The Film Notorious: Censoring Biggie’s Legacy

by Kabir Joshi-Vijayan Basics Issue #13 (Apr/May 2009)

Biggie Smalls, one of the greatest hip hop artists in history, was assassinated 13 years ago by the Los Angeles Police Department (LAPD) and corporate thug Suge Knight in an operation that was both assisted and approved by the American state. The year before that, Tupac Shakur was gunned down in Vegas by the same forces. Both men were murdered because they spoke about the realities facing black people in the ghettos of America: poverty, crime, racism and state violence. ‘Pac was a genuine revolutionary carrying on the legacy of his Black Panther mother by organizing a truce between the Bloods and Crips in LA in 1992. Although not as politically educated, Biggie still rapped about the struggles he faced growing up. Their murders had everything to do with crushing the revival of a black revolutionary movement in the US and silencing two positive figures for young racialized youth. But you’ll get none of that from watching the new Biggie film, ‘Notorious.’

Instead, you’ll hear the entertaining, but fictional story, of an artist who reached the American dream through skill and hard work, but because of some dumb rap beef was killed before he could really mature as a man and performer. Notorious runs through Biggie’s childhood and youth without showing a single example of police brutality or systematic discrimination. According to the film, Smalls chooses to hustle dope before realizing he is wasting his lyrical abilities, and dedicates himself to the rap game. His success is then attributed more to the skill of his manager Sean ‘Puffy’ Combs (the corporate snake who owned Biggie’s label ‘Bad Boy’, and produced the film), than to his personal talent. But the movie’s biggest lie is its portrayal of the supposed East Coast – West Coast feud between ‘Bad Boy Records’ and Tupac’s rap label ‘Death Row’, owned by the criminal Suge Knight. In reality, the rivalry was created by the American state working with Suge and Puffy in order to break the unity being built by ‘Pac’s community organizing, and replace the positive hip hop being recorded at the time with diss tracks. Notorious plays into the east/west rivalry myth by presenting Biggie’s murder as revenge for Tupac’s death, and even more destructively, by casting Tupac in the film as naïve and aggressive and even mocking his revolutionary politics.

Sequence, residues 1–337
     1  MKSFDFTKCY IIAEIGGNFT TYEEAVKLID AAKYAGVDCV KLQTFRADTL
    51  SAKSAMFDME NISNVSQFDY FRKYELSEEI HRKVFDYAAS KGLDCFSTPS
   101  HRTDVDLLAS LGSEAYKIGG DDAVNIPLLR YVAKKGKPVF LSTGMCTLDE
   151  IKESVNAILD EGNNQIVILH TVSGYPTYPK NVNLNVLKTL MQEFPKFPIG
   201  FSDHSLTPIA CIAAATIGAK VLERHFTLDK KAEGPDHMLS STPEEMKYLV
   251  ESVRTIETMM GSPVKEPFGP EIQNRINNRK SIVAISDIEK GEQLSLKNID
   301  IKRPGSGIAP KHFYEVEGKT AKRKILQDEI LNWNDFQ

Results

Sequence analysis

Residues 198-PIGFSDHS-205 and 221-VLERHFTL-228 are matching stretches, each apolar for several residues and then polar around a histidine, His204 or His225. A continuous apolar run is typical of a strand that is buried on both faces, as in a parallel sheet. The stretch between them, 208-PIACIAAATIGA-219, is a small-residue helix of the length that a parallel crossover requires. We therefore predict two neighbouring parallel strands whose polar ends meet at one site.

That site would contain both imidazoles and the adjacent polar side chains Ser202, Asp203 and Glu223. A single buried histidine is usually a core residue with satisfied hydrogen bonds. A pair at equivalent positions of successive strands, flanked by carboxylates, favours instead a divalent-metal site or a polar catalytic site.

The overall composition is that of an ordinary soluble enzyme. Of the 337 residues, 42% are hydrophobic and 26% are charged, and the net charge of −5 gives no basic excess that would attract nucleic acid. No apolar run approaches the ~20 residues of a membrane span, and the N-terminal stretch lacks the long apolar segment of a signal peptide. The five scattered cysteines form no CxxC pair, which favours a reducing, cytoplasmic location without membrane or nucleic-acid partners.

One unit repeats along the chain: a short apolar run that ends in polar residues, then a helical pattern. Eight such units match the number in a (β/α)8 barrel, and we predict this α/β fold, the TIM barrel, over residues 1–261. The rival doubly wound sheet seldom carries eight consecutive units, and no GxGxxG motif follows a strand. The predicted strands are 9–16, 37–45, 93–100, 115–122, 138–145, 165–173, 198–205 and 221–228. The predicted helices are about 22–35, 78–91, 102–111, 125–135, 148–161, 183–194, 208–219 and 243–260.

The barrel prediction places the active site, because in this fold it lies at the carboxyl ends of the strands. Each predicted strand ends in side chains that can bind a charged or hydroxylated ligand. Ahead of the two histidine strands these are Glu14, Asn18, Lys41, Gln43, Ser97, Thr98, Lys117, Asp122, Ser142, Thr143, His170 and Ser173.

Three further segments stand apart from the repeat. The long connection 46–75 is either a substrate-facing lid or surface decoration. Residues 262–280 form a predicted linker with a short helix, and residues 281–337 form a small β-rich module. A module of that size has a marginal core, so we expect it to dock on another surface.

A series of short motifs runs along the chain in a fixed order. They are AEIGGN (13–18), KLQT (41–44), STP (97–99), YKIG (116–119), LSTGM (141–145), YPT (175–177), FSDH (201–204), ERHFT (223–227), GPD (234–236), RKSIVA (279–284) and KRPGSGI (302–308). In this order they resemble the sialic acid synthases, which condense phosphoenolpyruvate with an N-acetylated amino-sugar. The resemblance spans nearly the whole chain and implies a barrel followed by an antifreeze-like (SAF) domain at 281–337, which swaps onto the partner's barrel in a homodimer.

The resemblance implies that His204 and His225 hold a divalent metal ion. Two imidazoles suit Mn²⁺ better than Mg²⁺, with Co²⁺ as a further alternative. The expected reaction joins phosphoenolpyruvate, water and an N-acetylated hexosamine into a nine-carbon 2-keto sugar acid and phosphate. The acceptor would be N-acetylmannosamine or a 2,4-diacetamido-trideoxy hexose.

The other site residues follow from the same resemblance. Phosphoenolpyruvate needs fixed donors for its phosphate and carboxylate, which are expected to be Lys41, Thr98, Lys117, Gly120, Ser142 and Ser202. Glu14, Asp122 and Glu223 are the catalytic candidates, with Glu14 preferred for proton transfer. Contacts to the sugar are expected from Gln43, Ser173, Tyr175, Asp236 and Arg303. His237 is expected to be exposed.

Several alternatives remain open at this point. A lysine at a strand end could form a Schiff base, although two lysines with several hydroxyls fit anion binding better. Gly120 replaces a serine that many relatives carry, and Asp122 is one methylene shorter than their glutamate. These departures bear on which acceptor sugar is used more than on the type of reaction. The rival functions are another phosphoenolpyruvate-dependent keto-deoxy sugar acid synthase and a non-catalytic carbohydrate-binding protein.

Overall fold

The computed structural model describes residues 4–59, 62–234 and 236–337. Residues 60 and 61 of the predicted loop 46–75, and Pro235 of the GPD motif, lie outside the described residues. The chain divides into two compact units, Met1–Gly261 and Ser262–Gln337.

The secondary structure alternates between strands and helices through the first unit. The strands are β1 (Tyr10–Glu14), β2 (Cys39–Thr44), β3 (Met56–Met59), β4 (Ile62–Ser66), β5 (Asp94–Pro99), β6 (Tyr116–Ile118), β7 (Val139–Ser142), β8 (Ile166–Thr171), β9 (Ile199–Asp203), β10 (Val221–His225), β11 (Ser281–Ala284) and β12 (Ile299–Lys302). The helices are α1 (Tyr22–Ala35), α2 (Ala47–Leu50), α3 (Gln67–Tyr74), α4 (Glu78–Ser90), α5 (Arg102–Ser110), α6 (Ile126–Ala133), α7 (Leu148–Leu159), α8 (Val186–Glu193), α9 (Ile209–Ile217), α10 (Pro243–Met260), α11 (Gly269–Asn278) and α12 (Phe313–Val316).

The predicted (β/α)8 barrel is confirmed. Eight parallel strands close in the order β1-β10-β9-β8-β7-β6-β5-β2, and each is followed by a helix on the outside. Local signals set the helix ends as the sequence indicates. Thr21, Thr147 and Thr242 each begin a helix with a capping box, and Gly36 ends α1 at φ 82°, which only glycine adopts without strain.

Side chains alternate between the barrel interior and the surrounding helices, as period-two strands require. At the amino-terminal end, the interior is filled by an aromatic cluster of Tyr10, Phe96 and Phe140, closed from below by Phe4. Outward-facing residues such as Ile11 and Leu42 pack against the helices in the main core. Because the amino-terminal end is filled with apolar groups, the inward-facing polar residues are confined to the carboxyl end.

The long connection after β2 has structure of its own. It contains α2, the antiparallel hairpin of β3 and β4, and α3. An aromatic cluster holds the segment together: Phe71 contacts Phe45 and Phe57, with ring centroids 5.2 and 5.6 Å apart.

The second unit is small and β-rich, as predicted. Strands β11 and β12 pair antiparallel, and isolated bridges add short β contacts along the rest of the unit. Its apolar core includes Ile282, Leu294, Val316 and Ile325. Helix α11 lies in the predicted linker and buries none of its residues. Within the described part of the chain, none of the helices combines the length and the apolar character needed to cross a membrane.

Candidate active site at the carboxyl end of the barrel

Still, Notorious did manage to do justice to Biggie in some ways. Jamal Woolard’s performance in the title role is incredible, and every hip hop fan will appreciate seeing B.I.G come back to life on the screen. But it’s an insult to Biggie’s memory to present his assassination at the hands of the LAPD and Death Row as the result of a simple ‘rap battle’, and to censor any political content from his story.

R.I.P. Biggie Smalls, Tupac Shakur and all other victims of political assassinations by the US government!

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